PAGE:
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Old 03-11-2015, 06:11 PM   #11
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Originally Posted by norty1 View Post
I have had 2 fiberglass rigs with zero problems. I prefer the durability over metal any day. Do you have any data to support your claim. I don't. Just what I have seen in mine and others.
The only data that I need is what I see with my own eyes, and I've seen enough for me to stay away from the fiberglass. I would rather have a little ding here and there, as to have it to come apart.

We had two fiberglass trailers with problems, one was a 2013 and the other one was a 2014. The 2013 cracked real bad in less than a year, the 2014 started coming apart in three places, front side, back side and on the rear this all took place right around when it was a year old.
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Old 03-11-2015, 06:27 PM   #12
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My last camper, not a Jayco had all kinds of problems with fiberglass. I figured they had it figured out by now.

It got so bad when I towed it in for trade in the side ripped off and insulation went everywhere. Lucky I had some cargo pit tape heh heh. Every vacation I had to go and look for leaks and try to fix them.

Don't get me started on steel wheels lol.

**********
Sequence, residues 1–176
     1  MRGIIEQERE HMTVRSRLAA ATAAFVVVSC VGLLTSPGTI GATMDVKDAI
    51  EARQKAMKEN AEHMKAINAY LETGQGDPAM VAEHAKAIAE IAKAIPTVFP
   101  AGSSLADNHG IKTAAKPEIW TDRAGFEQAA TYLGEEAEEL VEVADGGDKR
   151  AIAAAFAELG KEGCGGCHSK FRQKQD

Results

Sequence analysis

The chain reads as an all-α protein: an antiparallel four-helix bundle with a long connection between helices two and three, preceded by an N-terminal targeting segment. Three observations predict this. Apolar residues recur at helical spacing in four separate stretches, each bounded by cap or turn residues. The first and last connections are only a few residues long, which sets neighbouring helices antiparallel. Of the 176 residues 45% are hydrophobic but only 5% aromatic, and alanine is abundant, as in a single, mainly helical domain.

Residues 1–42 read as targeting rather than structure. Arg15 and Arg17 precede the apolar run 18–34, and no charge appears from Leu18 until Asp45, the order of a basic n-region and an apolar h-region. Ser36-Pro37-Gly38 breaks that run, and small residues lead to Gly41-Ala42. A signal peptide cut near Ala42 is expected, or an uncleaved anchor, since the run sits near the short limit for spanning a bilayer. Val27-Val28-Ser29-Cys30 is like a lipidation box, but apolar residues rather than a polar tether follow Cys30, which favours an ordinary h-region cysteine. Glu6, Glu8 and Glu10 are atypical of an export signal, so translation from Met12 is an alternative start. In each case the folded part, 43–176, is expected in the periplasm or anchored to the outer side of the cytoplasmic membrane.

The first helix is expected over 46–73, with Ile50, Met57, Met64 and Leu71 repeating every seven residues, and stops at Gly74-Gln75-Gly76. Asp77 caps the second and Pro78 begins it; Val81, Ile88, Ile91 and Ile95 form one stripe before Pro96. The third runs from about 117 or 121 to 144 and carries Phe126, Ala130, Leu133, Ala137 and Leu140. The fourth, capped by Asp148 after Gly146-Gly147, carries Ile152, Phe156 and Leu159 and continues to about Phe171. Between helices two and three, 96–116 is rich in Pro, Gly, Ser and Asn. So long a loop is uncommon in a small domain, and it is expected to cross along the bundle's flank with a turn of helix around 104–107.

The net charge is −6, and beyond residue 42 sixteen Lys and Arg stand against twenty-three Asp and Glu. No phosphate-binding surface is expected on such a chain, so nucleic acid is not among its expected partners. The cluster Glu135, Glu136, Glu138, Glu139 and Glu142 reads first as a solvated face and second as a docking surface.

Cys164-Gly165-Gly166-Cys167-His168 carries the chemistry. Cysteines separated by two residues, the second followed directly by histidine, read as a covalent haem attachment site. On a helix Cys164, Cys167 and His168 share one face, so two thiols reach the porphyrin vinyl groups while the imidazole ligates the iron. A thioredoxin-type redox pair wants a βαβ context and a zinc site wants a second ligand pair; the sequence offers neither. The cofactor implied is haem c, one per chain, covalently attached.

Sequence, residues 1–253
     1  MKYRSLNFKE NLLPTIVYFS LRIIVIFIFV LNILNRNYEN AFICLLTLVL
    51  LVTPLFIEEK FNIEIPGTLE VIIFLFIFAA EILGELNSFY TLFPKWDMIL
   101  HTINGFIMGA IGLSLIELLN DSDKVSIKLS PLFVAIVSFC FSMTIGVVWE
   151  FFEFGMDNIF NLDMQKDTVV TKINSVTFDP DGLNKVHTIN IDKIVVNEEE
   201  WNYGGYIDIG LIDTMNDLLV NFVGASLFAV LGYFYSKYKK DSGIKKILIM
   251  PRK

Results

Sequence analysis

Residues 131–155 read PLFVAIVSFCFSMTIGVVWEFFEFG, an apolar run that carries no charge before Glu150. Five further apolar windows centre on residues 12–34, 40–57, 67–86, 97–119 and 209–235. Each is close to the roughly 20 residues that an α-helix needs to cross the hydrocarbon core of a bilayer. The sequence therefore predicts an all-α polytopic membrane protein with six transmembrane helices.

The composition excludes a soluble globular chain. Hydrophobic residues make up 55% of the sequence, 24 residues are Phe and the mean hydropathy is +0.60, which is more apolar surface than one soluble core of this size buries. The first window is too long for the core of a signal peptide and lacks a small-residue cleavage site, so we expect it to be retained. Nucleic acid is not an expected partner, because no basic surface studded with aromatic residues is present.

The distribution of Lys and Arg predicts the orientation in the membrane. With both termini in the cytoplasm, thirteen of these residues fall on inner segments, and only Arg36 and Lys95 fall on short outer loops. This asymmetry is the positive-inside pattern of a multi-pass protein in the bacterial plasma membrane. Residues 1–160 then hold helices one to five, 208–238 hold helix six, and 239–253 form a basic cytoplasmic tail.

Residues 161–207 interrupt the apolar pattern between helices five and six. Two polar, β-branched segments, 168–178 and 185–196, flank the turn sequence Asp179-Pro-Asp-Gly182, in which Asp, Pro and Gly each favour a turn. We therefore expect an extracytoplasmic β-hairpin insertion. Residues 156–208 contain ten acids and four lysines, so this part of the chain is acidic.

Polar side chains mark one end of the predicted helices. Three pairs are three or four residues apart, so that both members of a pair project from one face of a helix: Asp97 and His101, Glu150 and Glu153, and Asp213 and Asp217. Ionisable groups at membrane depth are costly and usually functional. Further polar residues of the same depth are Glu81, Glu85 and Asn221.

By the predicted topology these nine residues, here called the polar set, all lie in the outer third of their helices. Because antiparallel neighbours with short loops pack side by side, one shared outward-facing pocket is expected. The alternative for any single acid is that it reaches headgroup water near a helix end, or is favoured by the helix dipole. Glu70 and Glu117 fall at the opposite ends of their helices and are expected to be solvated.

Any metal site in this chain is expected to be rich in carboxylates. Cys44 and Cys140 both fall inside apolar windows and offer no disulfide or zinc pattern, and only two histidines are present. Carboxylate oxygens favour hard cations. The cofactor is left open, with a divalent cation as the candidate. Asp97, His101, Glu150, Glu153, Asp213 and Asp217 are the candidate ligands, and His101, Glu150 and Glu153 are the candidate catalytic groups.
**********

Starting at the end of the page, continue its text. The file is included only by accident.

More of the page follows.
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Old 03-11-2015, 06:35 PM   #13
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gel coat cracks are typically caused by the gel coat itself being either too thick or too brittle...the fiberglass underneath probably isn't cracked but from aesthetics you hate to leave it that way. tt s and 5th wheels as well as motorhomes all have to give and twist so movement can possibly cause this. I work with fiberglass every day and I still bought a fiberglass sided trailer. each to his own but I like them and will keep it up the best I can so it continues to look good.
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Old 03-11-2015, 07:53 PM   #14
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Perhaps they need to start using hand fiberglass lay up and also start popping them out of molds like boats. I have two fiberglass boats one is 35 years old and one is 9 and they have been worked hard, and of course are constantly exposed to water and pounding ..... I realize this is comparing apples to oranges and the cost would be outrageous but just sayin`
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Old 03-11-2015, 08:43 PM   #15
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I think the real problem is, they are adhering the fiberglass panels to metal studs. Metal moves at a different rate than the fiberglass. I assume they are using a urethane adhesive, most likely a moisture cured. These can be touchy at best to use, curing by the moisture in the air. Temperature, humidity etc can all effect the cure time. Once cured the adhesive is somewhat pliable. I can only guess in the field, moisture, heat etc can all have some affect on the panel. I hope to be able to speak with someone when we do the factory tour next month. I've laid up a lot of panels, albeit not fiberglass, and I understand the difficulties in doing so. As others have stated with the movement of the rig that can also affect the bond.